Genocide ideology still present among the elderly – CNLG

Efforts to fight and eliminate discrimination and genocide ideology tendencies are still undermined by older Rwandans who are yet to let go of the negative dogma due to various historical reasons, the Executive Secretary of the National Commission for the Fight against Genocide (CNLG), Dr Jean-Damascene Bizimana, has said.
Executive Secretary of the National Commission for the Fight against Genocide (CNLG), Dr Jean-Damascene Bizimana. File
Executive Secretary of the National Commission for the Fight against Genocide (CNLG), Dr Jean-Damascene Bizimana. File

Efforts to fight and eliminate discrimination and genocide ideology tendencies are still undermined by older Rwandans who are yet to let go of the negative dogma due to various historical reasons, the Executive Secretary of the National Commission for the Fight against Genocide (CNLG), Dr Jean-Damascène Bizimana, has said.

Bizimana noted that some parents were reportedly teaching their children of ethnical ideologies in their homes and this undermines the efforts to create a one Rwandan identity but instead creates the transmission of ethnicity to the young people.

He noted that more efforts were required, especially in teaching the history of Rwanda and emphasizing that it could go a long way in informing people about the genesis of ethnicity which led to the 1994 Genocide against the Tutsi that claimed over a million lives.

"If nothing is done to engage these elderly people—most of whom teach their children of this ideology to children—we risk having genocide ideology tendencies transmitted to the next generation.”

Bizimana was addressing a consultative meeting which brought together senators, MPs, some cabinet members, governors, as well as heads of some public institutions whose mandate includes follow-up on the implementations of the principles. The event was held last week at Parliament.

In 2003, close to 10 years after the 1994 Genocide against the Tutsi, a new Constitution was adopted—which was later amended in 2015—and it constituted the fundamental principles that seek to, among others, fight the ideology of genocide and dictatorship, strengthen and promote national unity and reconciliation, build a state governed by the rule of law and based on respect for fundamental human rights, develop human resources, fight ignorance, promote technological advancement and the social welfare of Rwandans.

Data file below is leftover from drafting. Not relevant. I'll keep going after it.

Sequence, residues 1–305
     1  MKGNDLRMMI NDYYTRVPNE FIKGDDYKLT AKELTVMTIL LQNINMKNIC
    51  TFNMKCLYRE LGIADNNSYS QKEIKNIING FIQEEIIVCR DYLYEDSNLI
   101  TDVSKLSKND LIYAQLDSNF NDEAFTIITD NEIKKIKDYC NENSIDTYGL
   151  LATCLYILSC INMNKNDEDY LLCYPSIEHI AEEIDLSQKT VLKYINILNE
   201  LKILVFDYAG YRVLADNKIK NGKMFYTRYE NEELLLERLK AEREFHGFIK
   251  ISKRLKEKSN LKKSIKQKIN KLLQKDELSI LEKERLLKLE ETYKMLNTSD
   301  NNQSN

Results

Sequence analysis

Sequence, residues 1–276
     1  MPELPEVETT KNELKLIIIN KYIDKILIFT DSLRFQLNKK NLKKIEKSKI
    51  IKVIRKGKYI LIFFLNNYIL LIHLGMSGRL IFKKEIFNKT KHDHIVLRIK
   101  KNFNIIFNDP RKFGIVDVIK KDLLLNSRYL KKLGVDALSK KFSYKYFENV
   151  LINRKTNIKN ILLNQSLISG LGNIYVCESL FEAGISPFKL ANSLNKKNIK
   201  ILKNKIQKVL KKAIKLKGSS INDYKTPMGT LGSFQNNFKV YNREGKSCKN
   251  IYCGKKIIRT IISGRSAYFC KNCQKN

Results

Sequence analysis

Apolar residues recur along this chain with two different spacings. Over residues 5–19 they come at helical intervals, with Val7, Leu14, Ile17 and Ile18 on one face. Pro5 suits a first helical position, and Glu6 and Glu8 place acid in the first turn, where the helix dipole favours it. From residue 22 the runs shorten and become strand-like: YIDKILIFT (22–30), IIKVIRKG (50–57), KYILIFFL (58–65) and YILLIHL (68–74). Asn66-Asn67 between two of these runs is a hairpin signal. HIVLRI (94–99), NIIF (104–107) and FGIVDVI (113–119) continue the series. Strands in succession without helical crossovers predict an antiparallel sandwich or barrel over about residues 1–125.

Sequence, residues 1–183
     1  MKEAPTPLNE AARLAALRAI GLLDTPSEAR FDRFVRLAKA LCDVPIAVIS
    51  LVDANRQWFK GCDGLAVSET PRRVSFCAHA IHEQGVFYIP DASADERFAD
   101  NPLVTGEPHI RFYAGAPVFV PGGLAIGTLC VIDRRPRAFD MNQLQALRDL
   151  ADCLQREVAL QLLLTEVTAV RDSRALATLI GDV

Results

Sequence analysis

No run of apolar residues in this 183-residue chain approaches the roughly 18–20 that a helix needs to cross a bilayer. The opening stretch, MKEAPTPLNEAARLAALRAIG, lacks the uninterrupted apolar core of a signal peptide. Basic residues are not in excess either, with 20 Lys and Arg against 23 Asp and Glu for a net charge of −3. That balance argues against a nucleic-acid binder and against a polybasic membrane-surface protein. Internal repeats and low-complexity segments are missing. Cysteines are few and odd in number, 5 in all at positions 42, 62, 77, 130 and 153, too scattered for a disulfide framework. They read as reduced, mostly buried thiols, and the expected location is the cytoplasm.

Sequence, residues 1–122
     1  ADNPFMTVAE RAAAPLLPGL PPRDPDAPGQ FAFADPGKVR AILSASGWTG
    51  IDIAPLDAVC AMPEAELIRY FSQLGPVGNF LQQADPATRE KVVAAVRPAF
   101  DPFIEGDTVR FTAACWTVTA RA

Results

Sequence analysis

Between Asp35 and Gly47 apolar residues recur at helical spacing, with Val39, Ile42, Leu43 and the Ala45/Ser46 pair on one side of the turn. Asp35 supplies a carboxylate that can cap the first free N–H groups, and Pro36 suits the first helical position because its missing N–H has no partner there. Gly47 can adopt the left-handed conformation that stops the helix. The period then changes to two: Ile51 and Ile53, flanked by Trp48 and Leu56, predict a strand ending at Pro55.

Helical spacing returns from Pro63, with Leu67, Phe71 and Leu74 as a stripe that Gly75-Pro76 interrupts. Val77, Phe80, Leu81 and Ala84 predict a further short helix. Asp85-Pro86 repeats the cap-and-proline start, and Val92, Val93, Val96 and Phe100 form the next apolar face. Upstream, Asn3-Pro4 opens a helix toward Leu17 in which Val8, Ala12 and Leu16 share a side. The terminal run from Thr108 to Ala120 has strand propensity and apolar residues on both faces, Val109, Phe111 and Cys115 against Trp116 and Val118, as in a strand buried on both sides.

Rwanda committed to conform to some six fundamental principles, including fighting ideology of genocide and all its manifestations; eradication of ethnic, regional and other divisions and promotion of national unity.

Jean Nepomuscene Sindikubwabo, the chairperson of the Senatorial Standing Committee on Political Affairs and Good Governance, told The New Times that during a recent countrywide consultation, the committee found out that some of the fundamental principles are either ignored or unconsciously upheld.

This, he said, has rendered the basic principles little-known to the masses consequently undermining the basis upon which they were designed.

The meeting was called to engage all stakeholders on how best to promote fundamental principles among Rwandans.

Participants observed that, “more effort” is needed in not only tackling genocide ideology locally but also curbing down on genocide deniers who continue to promote revisionism especially through various mediums consequently undermining unity and reconciliation agenda.

“The presence of those that promote genocide denial and ideology in various places across the world has hindered the progress of unity and reconciliation of Rwandans,” the meeting underscored in a statement.

Among the resolutions adopted at the gathering was to “put more effort in creating international collaborations that would partner with Rwanda in combating genocide ideology and denial  and well as bring Genocide perpetrators to justice.”

editorial@newtimes.co.rw

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